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MY FRIEND AND FORMER TUTOR,
I inscribe these pages,
IN TOKEN OF
GRATEFUL RESPECT AND AFFECTION.
The contents of this volume have already appeared in the London Quarterly Review. This fact explains their peculiar arrangement and style, which I leave unaltered. I have corrected typographical errors, and introduced a few additional notes. I confess that the “studies” upon the important subjects considered in this volume, which were suitable for a periodical, scarcely deserve this new and separate existence. Friendly advisers have ruled otherwise ; and I submit to their judgment in the hope of filling up hereafter, in ampler form, and with more solid materials, the outlines of a Christian Apology, which I believe the Infidelity of the present day is, itself, furnishing for the defence of Christian Truth, and which I have hastily sketched—with broken lines, and on a small scale—in these pages.
Some topics are discussed in the long notes, that might have claimed a place in the text they annotate. They are consigned to the inferior position they now occupy from the desire to relieve the general reader of the more scholastic argumentation which they contain, and which is tiresome to all, even students who are “to the manner apt.” In a quarterly journal their admission at all was only possible on such terms; and their original form determines their present. I hope, however, the notes may receive the same attention and kindly criticism as I pray for the whole book.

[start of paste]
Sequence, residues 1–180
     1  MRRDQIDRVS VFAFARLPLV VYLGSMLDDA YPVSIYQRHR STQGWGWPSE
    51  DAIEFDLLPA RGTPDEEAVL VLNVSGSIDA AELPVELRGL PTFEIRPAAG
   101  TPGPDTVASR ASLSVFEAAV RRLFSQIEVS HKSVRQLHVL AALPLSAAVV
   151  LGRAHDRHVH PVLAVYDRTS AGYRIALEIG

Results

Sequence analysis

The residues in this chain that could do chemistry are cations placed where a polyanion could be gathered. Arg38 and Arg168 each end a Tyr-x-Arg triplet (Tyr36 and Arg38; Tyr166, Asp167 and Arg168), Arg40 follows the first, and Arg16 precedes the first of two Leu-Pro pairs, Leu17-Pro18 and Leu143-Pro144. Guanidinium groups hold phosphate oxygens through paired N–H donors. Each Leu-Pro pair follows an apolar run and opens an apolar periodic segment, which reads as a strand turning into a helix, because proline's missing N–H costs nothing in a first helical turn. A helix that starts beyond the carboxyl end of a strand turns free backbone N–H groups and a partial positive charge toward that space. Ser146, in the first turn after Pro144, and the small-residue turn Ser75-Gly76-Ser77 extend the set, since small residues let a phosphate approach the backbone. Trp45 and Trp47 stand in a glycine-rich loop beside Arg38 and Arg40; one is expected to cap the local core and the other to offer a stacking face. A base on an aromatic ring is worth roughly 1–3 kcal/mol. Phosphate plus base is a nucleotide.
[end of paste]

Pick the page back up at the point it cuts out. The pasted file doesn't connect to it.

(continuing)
J. B. PATON.
CONGREGATIONAL INSTITUTE, NOTTINGHAM,
October 31, 1864.
A REVIEW OF
“ LA VIE DE JÉSUS”
OF M. RENAN.
This book has created deep and wide-spread interest alike on the Continent and in our own country. The theme of the book is one of transcendent importance. Whilst it controverts and repudiates everything supernatural or miraculous in the history of our Lord Jesus Christ, and tanto magis His proper Deity, it reconstructs for us His history, denuded of His Divine glory, with a most cunningly exquisite grace, in accordance with the stern conditions of the soi-disant high criticism of our age. The book is written with that consummate art, delicate poesy, sentiment, and thorough scholarship, which have distinguished the previous productions of M. Renan, and placed him in the first rank of living writers. It is undoubtedly the worthiest and greatest work of a purely infidel cast which has been written this century.* Written, moreover, with a warm luxuriousness of style, and a subtle refinement of feeling which is almost feminine, and charms the reader's sensibilities like a perfume, it will insinuate its infidelity into many minds which a
* We do not except Strauss's “ Life of Jesus,” in which there is much more trenchant vigour and more minute elaboration, but which is so thoroughly vitiated by the monstrous hypothesis in which it is rooted, and is so far - removed by its severe intellectualism from the sphere of religious emotions, that its scientific value, in attempting an explanation of the Gospel history of Jesus and of the rise of Christianity from purely natural causes, cannot be compared with the work of M. Renan.